Procedurally generated nightmares.
Following the successful release of Amnesia: The Dark Descent, developers have learned that the best way to produce scares is by removing power from the player. Zombie Studios has decided to borrow some of the formula that made Amnesia such a horrifying game to produce a title that will test the mettle of any horror fan.
Beginning Daylight, you’re put in control of a young woman who has just awakened in an abandoned hospital. She has no idea why she’s there, but she quickly notices that it’s not the ideal place to be. Notes, scattered around the building, offer subtle hints at the backstory, make her ever more uncomfortable with her situation. But figuring out why she’s there quickly becomes less important as she traverses unwelcoming hallways littered with broken wheelchairs, overturned furniture, and dim lighting to realize that surviving such a predicament is the ultimate goal.
It wasn’t long after I began playing that I encountered my first ghost. The moment was unforgettable. I was rushing down a hallway and made the mistake of becoming frozen in fear the moment I saw the ghost’s transparent figure make eye contact with me. It quickly charged toward me and ended my life before I could react to the QTE commands on-screen.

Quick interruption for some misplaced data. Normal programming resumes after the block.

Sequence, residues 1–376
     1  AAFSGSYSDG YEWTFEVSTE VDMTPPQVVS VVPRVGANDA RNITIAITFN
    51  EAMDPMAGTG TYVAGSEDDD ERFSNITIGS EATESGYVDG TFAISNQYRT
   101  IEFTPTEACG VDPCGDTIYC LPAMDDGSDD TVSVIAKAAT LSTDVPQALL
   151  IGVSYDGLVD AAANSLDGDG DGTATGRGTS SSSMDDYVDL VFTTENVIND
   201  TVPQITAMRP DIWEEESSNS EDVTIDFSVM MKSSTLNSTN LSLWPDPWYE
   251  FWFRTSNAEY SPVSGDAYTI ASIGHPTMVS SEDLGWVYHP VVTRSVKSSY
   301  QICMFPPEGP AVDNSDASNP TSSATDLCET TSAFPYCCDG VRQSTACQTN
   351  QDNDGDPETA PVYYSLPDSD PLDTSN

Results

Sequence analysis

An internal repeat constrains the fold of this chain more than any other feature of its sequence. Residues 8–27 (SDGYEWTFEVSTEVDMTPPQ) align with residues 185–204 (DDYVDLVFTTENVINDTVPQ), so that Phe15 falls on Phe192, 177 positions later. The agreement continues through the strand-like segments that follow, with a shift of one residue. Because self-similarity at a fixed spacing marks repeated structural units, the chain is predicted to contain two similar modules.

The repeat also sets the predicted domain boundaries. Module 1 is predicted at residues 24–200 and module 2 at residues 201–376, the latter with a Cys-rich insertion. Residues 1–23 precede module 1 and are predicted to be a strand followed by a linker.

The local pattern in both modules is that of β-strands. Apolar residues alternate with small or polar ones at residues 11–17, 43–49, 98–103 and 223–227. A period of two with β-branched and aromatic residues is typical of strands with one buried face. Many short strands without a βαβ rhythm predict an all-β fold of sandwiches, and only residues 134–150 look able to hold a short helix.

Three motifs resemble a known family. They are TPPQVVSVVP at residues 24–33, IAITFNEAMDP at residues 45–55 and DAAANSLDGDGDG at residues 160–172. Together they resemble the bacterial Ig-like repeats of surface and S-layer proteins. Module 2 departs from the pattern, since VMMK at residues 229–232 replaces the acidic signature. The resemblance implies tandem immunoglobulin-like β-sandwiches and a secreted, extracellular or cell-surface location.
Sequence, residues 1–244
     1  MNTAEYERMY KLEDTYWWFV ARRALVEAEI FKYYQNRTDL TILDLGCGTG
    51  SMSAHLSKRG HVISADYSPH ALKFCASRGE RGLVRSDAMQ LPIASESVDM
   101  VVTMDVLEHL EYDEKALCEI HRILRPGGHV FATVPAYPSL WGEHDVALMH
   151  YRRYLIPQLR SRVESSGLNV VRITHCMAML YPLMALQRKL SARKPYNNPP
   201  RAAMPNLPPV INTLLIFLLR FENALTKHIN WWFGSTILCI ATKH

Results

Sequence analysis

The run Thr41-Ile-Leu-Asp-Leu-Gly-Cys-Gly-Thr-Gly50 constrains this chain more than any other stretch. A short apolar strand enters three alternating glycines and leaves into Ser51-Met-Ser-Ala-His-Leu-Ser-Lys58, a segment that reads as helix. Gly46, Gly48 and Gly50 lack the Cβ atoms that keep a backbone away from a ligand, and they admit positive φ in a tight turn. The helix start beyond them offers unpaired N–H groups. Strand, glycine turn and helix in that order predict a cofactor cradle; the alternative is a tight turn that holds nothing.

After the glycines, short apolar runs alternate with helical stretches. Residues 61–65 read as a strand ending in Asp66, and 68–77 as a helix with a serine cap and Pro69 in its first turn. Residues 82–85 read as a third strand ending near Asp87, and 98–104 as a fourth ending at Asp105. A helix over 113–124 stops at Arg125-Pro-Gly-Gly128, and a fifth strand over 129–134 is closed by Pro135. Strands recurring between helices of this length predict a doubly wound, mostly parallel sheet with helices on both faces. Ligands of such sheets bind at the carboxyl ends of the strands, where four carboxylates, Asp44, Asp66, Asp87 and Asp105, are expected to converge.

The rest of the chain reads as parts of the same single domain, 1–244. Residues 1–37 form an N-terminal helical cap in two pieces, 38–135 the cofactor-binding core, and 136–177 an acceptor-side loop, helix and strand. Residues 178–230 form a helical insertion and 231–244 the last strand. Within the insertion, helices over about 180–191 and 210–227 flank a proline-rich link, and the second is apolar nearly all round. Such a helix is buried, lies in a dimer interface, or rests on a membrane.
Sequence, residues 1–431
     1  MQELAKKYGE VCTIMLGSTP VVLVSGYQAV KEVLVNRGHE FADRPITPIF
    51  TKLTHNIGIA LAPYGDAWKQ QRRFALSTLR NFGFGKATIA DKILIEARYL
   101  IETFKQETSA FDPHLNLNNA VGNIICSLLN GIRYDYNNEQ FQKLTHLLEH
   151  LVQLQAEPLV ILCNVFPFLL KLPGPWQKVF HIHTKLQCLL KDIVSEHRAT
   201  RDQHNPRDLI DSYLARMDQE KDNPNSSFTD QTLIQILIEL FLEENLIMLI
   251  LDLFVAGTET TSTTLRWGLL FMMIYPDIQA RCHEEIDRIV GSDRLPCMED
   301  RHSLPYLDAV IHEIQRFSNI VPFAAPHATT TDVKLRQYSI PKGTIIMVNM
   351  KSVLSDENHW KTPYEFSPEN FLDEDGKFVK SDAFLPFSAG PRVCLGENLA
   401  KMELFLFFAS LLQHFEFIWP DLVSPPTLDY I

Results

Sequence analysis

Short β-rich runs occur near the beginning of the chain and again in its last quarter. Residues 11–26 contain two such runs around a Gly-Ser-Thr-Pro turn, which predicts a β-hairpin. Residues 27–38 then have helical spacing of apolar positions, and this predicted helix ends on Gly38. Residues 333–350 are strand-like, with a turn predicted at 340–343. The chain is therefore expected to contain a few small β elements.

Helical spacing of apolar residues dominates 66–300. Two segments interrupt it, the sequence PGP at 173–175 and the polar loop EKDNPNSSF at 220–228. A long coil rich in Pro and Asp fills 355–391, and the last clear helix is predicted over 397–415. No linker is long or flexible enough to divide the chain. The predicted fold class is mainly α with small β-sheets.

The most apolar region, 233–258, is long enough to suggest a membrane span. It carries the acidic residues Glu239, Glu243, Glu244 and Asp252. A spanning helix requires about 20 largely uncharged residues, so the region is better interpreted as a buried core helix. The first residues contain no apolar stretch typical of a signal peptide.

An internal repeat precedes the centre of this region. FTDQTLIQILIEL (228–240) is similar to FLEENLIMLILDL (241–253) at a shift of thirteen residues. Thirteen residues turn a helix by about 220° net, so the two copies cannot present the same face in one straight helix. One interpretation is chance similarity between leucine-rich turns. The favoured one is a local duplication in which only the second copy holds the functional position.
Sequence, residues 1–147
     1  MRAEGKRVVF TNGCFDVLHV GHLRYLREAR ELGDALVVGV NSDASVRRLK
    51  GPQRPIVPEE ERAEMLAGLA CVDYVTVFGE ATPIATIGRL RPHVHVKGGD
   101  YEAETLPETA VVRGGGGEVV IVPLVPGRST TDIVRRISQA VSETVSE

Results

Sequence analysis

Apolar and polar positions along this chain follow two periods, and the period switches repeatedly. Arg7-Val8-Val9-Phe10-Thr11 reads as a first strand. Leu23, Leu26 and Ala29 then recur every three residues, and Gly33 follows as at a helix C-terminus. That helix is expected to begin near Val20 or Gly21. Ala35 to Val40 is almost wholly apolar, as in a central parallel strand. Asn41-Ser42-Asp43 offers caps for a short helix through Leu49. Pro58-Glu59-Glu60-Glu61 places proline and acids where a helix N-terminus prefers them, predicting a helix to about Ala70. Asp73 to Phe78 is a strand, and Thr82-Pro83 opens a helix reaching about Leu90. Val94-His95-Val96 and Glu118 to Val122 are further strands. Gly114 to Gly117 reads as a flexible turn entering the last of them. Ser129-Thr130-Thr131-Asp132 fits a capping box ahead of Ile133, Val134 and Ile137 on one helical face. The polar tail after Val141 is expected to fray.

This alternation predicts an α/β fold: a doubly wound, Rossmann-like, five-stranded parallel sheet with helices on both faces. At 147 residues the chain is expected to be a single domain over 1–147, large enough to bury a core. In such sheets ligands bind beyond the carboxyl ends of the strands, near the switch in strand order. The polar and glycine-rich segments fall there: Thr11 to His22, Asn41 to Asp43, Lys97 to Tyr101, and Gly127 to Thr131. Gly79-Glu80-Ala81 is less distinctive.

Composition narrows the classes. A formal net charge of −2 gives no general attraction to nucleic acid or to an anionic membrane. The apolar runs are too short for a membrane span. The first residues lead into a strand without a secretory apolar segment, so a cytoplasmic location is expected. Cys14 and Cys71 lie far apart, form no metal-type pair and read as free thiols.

While ghosts are a diabolical hazard, they only drive a minor portion of the fear. The environmental effects, visual and acoustic, are truly unsettling. I could hear the creaking of wooden floors and uninviting noises that reminded me that I didn’t belong. Doors sometimes barricaded themselves before I could touch the doorknob, making me feel trapped. Becoming lost only amplified my fear. But I pressed on as standing still did me no good.
After starting up a new game I quickly learned what makes Daylight different than any other horror game on the market: its procedurally generated levels. My second and subsequent playthroughs generated completely different map layouts. The familiarity of my first time playing was immediately replaced with something that looked foreign. It was as if I was beginning the game again for my first time.
During my second time through, I made it far enough to find flares, one of the only tools in the game. Typically, the only defense against merciless ghosts is running away, and making a wrong turn while running away is a death sentence so remembering which direction you came from is a key to survival, along with quick reaction speed.
Taking inspiration from Amnesia, Daylight is a game that will challenge players like myself to find the bravery to travel from start to finish. It’s no easy task given there are deadly ghosts and randomized hallways, but if you’re into horror games you’ll be compelled to find a way. Look out for Daylight when it releases on PC and PS4 during Q1 2014.